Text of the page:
Healthy in Shanghai

When I traveled to China for the first time a few months ago, I visited Beijing — ground zero for polluted air. I had a fantastic time on my trip, but I returned home sick. For a solid month afterward, I battled a cough, felt lethargic, and wondered why I hadn’t taken more precautions while visiting.

I’m getting ready to visit Shanghai in a few weeks and want to make sure I take all preventive measures to stay well on this trip. I’ve chatted with a friend who has lived in Shanghai for the last two years, and she gave me some solid tips on staying healthy.

There are three areas of concern when it comes to health in Shanghai: air quality, water quality, and food safety. Here’s what you can do to stay aware.

photo by Photographing Travis via Flickr Creative Commons

photo by Photographing Travis via Flickr Creative Commons

Check the Air Quality, and Plan Accordingly

Each day that you are in Shanghai, check the Air Quality Index  to see what the pollution is like, then plan your day around it. This means if the air quality is hazardous, you should take a bus tour instead of walking around the city. Eat at restaurants inside instead of getting food on the street. I know it’s hard to stay inside when you want to explore a city, so when go outside, make sure you wear a mask.

Stay in a Hotel That Has a Gym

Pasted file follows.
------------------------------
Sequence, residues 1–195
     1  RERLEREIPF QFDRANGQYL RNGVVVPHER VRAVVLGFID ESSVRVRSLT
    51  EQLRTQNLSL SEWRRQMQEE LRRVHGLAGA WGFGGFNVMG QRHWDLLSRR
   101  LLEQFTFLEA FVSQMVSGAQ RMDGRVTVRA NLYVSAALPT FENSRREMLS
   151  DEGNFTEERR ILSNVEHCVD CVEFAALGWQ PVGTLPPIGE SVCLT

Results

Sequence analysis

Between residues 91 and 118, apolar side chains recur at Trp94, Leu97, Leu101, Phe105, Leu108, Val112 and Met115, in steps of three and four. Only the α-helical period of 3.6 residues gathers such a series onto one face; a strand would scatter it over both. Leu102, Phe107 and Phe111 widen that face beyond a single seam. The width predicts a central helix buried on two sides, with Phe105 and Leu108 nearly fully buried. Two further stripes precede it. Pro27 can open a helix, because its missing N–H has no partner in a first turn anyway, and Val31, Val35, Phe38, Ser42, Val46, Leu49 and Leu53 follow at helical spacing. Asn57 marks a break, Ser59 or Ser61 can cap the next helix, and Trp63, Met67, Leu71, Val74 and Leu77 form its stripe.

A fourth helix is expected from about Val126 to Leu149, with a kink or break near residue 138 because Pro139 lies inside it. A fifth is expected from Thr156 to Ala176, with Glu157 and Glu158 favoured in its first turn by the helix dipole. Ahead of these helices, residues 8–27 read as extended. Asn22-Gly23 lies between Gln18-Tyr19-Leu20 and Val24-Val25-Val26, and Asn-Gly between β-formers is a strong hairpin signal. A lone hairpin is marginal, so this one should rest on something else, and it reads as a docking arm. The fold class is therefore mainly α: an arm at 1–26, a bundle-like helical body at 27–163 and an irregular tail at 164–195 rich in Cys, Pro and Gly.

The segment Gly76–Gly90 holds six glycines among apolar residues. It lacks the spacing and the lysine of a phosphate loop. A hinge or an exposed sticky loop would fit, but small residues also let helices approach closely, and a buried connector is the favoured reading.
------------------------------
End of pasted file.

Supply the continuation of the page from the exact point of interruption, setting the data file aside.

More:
If you want to continue your exercise routine while on vacation, choose a Shanghai hotel that has a gym. If the air is bad, you don’t want to risk going for a run or HIIT workout outside. The Hotel Indigo Shanghai on The Bund’s Fitness Center has a fully equipped gym overlooking the Huangpu River and an indoor swimming pool.

Only Drink Bottled Water

Shanghai’s drinking water sources are the two rivers around the city. These rivers are regularly polluted with sewage, factory waste, and animals. Though their water gets treated before being sent to taps, its quality and contamination level are not assured. To stay safe, make sure you are only drinking water that comes from a purified bottle source. Green Initiatives shares the best sources for safe drinking water in Shanghai.

Learn Some Food Words to Help You Decipher Menus

Eating super-healthfully in Shanghai isn’t something that someone visiting short-term should worry about too much. After all, you do want to experience the food scene. However, if you have a food intolerance or want to stick to your diet, learning a few Chinese characters will help you figure out what the best options for eating are. Look for menu items that say steamed (蒸, zhēng) or sautéed (炒, chǎo) for the healthiest options.

My friend suggests enjoying a meal at Jian Guo 328, one of the few restaurants in Shanghai that has a no-smoking policy, and recommends use of high-quality cooking oils.

Know What to Look for at a Food Stall

If eating street food is part of your travel plans — and it should be — there are a few things you should do to stay safe. Go to the street cart where the most people are. This means the food is probably being made fresh and hasn’t been sitting out for long periods of time. Plus, you know people like it! Also, take a look at the oil and make sure it isn’t cloudy and doesn’t have tons of food debris in it; these typically mean it’s being reused. In particular, explore Wujiang Road, a pedestrian-only promenade known for its busy street food scene.

Follow these tips to have an enjoyable and healthy trip to Shanghai!

*This post is sponsored by IHG Hotels